Do Short Sellers Cause the Weekend Effect?
Journal of Investment Management, Forthcoming
Posted: 11 Sep 2003
We claim that speculative short sellers are partly responsible for the weekend effect. Concerned with their inability to trade over the weekend and in an attempt to reduce their risk exposure, short sellers close their speculative positions on Fridays and re-establish new short positions on Mondays, causing higher returns on Friday than on Monday. We find evidence consistent with this claim. Stocks with higher short interest exhibit greater weekend effect than stocks with lower short interest. Examination of the weekend effect for IPOs, short-interest stocks, and highly volatile stocks lend additional support for our hypothesis. Although it is difficult for investors to directly trade individual stocks to profit from the weekend effect, they can protect themselves against the weekend effect by not selling stocks on Mondays and not buying on Fridays.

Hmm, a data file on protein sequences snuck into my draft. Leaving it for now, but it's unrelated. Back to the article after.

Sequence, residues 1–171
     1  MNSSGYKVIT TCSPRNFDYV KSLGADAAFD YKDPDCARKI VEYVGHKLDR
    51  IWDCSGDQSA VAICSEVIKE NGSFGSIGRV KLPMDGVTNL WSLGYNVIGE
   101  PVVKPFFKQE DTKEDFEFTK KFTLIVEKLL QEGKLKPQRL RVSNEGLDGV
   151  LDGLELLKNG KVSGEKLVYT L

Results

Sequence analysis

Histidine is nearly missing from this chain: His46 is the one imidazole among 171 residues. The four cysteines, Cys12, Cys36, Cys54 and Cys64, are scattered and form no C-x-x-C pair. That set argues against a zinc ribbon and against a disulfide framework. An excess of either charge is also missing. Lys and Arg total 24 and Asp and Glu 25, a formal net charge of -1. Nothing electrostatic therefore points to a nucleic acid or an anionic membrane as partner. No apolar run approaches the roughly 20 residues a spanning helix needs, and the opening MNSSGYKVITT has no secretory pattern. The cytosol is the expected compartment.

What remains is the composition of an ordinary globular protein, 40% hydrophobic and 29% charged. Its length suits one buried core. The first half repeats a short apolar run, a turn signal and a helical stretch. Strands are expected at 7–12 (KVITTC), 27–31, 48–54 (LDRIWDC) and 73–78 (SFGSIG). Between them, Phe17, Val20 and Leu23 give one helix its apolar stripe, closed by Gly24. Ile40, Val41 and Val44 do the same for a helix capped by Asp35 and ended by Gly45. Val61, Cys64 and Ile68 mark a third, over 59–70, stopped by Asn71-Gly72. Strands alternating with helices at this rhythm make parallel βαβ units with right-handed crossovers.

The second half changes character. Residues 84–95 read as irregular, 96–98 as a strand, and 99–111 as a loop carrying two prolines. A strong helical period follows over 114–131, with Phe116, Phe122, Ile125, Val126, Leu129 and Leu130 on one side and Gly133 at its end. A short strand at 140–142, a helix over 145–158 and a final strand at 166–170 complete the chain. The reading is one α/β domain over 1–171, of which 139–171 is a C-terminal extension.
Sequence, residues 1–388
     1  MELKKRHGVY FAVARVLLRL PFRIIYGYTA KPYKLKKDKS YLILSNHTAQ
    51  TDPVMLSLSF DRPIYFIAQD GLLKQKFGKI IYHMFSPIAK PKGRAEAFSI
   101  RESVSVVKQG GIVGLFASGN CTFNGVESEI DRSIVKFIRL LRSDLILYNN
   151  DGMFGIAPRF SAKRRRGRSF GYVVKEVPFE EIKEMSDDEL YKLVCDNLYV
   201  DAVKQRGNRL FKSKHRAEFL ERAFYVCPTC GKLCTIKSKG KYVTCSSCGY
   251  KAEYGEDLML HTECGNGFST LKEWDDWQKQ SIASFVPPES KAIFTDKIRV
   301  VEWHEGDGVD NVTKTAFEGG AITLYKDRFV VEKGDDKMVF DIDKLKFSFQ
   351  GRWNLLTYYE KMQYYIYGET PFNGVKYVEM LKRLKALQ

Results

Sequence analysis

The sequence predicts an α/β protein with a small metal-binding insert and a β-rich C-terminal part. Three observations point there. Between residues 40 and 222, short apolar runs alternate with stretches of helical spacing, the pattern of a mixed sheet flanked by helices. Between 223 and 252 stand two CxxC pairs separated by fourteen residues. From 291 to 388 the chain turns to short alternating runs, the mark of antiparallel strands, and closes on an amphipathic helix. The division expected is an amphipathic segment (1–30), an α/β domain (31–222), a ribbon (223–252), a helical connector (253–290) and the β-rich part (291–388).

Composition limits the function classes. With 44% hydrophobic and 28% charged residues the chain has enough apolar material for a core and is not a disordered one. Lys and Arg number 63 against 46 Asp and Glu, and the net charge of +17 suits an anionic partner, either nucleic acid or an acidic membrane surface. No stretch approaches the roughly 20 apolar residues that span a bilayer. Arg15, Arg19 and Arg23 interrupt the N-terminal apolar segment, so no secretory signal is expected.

Note: This is a description of the paper and not the actual abstract.
Keywords: short sales, Monday, Friday, seasonality, day-of-the-week, anomaly, mispricing, short selling, weekend effect
JEL Classification: G12, G14
Suggested Citation: Suggested Citation